Garden Thoughts

Gearing up for Spring, and dreaming of gardens and growing and harvest, reality comes crashing in and sets the tone.  That reality washed over me as I posted my recent activity in my garden journal.

I use an Excel spreadsheet to track what I plant and when and how it progresses, with notes to mark target dates, spacing and sunlight needs.  I use a new sheet for each garden year, copying the previous year and revising it to start the new season.

garden plot

Plot of garden spaces and containers, showing the sunlight by color

Distracted from this progress by a newly discovered idea, I had been engrossed in creating a garden plot on a separate sheet in the workbook and forgot to start my new tab.  Last night, I copied the tab – realizing that I was copying from the previously noted season of… 2011.

garden journal

Chart of plants and their needs with planting dates and progress notes, color coding left over from 2011

I’ve had a rough couple of years, and I was very aware of that fact.  I just hadn’t realized how drastically it had affected my garden plans until last night.

The past few months have been busy with bursts of organization, purging, and planning.  Activities that had been lacking for the most part during these years evidenced as missed tabs on my garden journal.

I was stirring last year, laying down a plot for a permanent garden, plotting about how to attract beneficial insects, and setting down ideas for permanent plants.  It’s time now.  Time to sink some roots.  Time to take hold of the time I have available and figure out how to do things I need to do.

Time to start gettin’ busy.




Our Favorite White Chili



My favorite version:  when I use oregano and onion and garlic fresh from the garden, home-cooked beans, and pasture-fed chicken roasted at home.

Football Soup – White Chili

  •  1 T Olive oil
  • 4 Garlic cloves, minced
  • 2 t ground cumin
  • ¼ t cayenne pepper
  • 1 medium onions, chopped
  • 2 – 4 oz cans chopped green chilies
  • 1 ½ t dry oregano, crumbled
  • 6 c chicken broth
  • 3 – 16 oz cans great northern beans, undrained
  • 4 c cooked chicken, chopped or cubed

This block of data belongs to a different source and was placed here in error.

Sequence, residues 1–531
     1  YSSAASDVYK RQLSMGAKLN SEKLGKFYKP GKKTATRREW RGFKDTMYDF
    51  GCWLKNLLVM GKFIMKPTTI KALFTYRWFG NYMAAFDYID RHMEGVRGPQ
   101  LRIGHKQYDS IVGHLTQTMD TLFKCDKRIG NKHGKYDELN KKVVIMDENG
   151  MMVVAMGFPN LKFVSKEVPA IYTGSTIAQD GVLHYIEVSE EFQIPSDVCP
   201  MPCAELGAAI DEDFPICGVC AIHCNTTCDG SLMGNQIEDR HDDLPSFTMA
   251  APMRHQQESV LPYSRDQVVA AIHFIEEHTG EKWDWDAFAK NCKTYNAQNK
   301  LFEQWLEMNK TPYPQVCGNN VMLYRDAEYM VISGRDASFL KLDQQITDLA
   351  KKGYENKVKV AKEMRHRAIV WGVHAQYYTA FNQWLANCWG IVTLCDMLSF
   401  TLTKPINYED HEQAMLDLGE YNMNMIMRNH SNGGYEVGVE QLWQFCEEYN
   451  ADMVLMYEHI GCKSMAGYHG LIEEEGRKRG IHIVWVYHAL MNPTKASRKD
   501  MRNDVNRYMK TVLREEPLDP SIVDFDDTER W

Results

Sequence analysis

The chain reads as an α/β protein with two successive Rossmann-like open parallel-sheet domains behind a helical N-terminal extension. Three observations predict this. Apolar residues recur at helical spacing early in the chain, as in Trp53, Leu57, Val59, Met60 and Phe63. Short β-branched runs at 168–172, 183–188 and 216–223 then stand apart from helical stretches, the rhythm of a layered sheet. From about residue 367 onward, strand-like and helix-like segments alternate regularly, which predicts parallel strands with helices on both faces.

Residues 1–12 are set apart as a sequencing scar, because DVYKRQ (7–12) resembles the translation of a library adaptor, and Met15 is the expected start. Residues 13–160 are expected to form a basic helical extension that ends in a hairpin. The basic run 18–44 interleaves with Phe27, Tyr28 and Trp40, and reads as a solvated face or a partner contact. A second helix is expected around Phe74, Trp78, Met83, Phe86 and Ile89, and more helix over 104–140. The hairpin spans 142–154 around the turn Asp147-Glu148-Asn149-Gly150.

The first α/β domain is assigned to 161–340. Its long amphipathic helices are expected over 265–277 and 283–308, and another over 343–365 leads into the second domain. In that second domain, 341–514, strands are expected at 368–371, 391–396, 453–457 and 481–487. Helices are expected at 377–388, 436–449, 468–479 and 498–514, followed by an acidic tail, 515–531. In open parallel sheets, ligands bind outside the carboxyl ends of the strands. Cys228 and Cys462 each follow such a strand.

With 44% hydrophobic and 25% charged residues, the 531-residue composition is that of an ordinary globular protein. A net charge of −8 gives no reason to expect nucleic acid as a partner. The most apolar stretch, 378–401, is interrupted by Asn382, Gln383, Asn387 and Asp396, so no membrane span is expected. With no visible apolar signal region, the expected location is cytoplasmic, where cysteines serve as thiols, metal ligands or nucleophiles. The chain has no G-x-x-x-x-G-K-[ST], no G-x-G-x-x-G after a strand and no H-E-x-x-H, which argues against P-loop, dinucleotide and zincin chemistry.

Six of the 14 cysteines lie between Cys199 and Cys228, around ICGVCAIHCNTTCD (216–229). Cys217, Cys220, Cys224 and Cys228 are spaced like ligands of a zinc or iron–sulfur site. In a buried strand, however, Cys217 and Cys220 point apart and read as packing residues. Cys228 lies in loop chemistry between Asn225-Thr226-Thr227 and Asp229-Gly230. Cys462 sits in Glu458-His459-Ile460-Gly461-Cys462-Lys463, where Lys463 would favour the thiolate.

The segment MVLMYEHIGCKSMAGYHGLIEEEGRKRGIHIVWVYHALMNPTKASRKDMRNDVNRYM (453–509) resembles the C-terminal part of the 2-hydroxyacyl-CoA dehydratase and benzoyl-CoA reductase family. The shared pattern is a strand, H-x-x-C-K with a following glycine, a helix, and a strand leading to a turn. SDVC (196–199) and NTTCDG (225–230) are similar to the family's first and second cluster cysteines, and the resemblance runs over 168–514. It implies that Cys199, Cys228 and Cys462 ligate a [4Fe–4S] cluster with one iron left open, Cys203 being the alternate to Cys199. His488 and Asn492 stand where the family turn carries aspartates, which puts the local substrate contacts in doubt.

• 3 c grated Monterey jack cheese
  1. Heat the oil in a large pot on medium high; add onions and sauté for 10 minutes.
  2. Stir in the garlic, chilies, cumin, oregano, and cayenne and sauté for 2 minutes.
  3. Add the beans and chicken stock and bring to a boil.
  4. Reduce heat.
  5. Add the cooked chicken and cheese and stir until the cheese melts.




This soup freezes quite well!  Simply thaw it in the refrigerator overnight and reheat when ready to serve.



Handy Tip for Fresh Lettuce

I’ve been using this handy process for about a year.  I sometimes forget during the hustle and bustle of putting away groceries and carrying on with the daily duties of life.  But I’m quickly reminded when I return to the crisper drawer days later to find limp lettuce.  What a disappointment!

Follow these steps and there will be a handy source of fresh, crisp lettuce that lasts 2 to 3 weeks:

Cold water bath for lettuce

First, run a sink of cold water.  Then separate the individual lettuce leaves and place into the water.  Swish the lettuce lightly to rinse away any dust.

Drain the lettuce on a towel

After rinsing the lettuce, pick out a few leaves at a time and shake them over the sink to remove the excess water from them.  Place them onto a dry, clean towel. I prefer an older cotton dish towel.
Drain the lettuce

Once all of the pieces have been rinsed, shaken and placed on the towel, drain the water from the sink, then pull up the ends of the towel to roll all of the lettuce to the center.

Wrap lettuce

Then softly wrap the ends of the towel to form a loose blanket around the lettuce.

Ready to use lettuce

Place the towel wrapped lettuce into your refrigerator crisper drawer.

This will keep lettuce fresh and crisp for two weeks, sometimes lasting up to three weeks.

Say goodbye to limp lettuce.

Dreamin’ Girl